Reading ‘Nightbitch’

Hey, I read Nightbitch the other night. (I mean, it must be read at night, really.)

Thankfully, I read it all in one sitting. 

I think Andrew told me that this first novel of Rachel Yoder’s is being made into a movie. I was afraid to read it at first, because it seemed to me it was going to be a horror story. That might’ve been why I read it so quickly. 

I was fascinated by the journey the protagonist (only referred to as “she”, “her”, “Nightbitch”, and cryptically on occasion, “MM”) undertook… be it willfully or not. 

Let’s see… I don’t want to give away any spoilers… 

I will say that the thing that made Nightbitch fall in love with her husband, would have repulsed me. 

I will say I was curious if any of Yoder’s Mennonite background (I assumed this because of her last name, and the fact that she was at the Mennonite/s Writing conference last fall) would show up in her novel. I imagine it did, as the protagonist reflected on her upbringing and background in a religious, German-speaking, conservatively-dressing, isolated community. (Right?!) I thought this reflection was beautiful even as I acknowledge I’m bringing my own expectations into the reading. I especially loved the bit about her grandmother. In my mind it connected with how I perceived my own great-grandmother (the only great-grandparent I knew).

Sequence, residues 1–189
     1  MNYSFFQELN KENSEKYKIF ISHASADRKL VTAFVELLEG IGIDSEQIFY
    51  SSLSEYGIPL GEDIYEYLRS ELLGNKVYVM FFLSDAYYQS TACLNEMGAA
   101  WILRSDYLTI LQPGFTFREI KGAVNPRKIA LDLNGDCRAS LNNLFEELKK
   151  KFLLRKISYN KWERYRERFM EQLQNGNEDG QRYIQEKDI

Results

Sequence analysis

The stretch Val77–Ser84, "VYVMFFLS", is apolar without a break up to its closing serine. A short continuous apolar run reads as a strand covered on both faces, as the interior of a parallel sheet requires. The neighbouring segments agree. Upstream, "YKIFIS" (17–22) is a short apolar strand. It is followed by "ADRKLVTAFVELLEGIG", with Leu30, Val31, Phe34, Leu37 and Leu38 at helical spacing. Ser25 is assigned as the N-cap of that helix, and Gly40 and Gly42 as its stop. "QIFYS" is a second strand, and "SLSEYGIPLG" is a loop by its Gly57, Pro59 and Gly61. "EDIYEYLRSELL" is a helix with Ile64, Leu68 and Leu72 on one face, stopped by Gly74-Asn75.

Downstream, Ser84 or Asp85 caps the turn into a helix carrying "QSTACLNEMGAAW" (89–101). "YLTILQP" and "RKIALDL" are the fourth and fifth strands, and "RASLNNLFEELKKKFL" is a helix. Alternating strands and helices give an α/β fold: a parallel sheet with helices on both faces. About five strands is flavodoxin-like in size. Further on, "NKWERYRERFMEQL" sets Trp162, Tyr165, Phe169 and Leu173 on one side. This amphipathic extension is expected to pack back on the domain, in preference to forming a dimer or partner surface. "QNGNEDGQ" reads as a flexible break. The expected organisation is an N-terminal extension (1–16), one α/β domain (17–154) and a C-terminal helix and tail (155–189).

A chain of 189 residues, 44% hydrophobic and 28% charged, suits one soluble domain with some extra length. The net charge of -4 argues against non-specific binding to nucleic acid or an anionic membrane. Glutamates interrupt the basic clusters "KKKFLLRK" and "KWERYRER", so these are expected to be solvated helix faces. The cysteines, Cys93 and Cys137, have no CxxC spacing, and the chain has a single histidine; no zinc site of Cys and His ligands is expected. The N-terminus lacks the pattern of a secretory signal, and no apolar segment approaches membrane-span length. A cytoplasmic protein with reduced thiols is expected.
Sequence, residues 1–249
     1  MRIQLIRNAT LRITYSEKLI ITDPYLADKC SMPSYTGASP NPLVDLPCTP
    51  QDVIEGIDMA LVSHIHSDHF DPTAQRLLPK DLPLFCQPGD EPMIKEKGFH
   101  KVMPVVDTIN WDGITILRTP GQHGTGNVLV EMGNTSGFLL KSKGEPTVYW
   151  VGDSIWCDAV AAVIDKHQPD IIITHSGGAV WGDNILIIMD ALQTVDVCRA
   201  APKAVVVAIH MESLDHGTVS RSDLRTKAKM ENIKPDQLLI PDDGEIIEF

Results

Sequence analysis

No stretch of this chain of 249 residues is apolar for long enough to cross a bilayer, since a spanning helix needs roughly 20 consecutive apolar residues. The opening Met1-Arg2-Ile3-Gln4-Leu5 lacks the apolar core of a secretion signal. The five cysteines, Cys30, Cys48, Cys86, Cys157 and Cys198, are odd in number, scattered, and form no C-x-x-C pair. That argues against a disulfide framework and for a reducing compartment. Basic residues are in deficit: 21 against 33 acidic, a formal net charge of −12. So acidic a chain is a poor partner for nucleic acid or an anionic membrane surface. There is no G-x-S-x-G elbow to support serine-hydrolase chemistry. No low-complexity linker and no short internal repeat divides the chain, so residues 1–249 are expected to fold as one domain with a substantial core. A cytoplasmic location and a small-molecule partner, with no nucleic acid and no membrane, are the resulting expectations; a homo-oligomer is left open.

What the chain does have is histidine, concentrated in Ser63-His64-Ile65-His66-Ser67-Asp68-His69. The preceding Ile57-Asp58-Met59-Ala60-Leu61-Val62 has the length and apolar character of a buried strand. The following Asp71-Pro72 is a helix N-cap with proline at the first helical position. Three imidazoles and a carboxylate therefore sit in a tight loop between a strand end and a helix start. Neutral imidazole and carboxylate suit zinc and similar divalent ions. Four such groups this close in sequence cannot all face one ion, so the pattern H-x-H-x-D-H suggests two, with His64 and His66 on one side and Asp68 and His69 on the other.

But that’s only a small part of this story. 

The larger part of this story is that she turns into a dog. A feral dog with a thirst for blood. She thinks she is turning into a dog because of suppressed rage. She is a mother who has relinquished her dream job to stay at home with her two-year-old because her husband makes more money than she does so it only “makes sense” that she give up her career, though she is more highly educated than her husband. He travels for work during the week, leaving her alone with a toddler who does not sleep at night. She is desperate for him to sleep. She is desperate for time to herself. She is Nightbitch. 

I think people have called this book a feminist manifesto. The first few paragraphs had me thinking so already and I loved it. 

Apparently it’s also a hilarious satire of motherhood. You might think this is an odd thing for me to say (as I’m married to a brilliant satirist) but often on new or unfamiliar topics, I miss the satire. I just dive right into the world created by the author and that’s it. So, never once did I laugh. I just forged on, wide-eyed, devouring each word. But I think upon second reading, I’d probably laugh a lot. Isn’t that weird? Even reflecting on everything that happens in the book, I want to laugh. 

The book also examines the idea of monsters. What is a monster? Is that necessarily a bad thing? Et cetera. I have two friends who explore this idea in their work, in vastly different ways, and here is yet another examination of “monstering” and I find it fascinating. 

I should add, this book is also about art and intellectualism. How we see and interpret the world around us and pose and pretend and what happens when you can’t pretend anymore? 

I’ll tell you what happens: 


That’s what.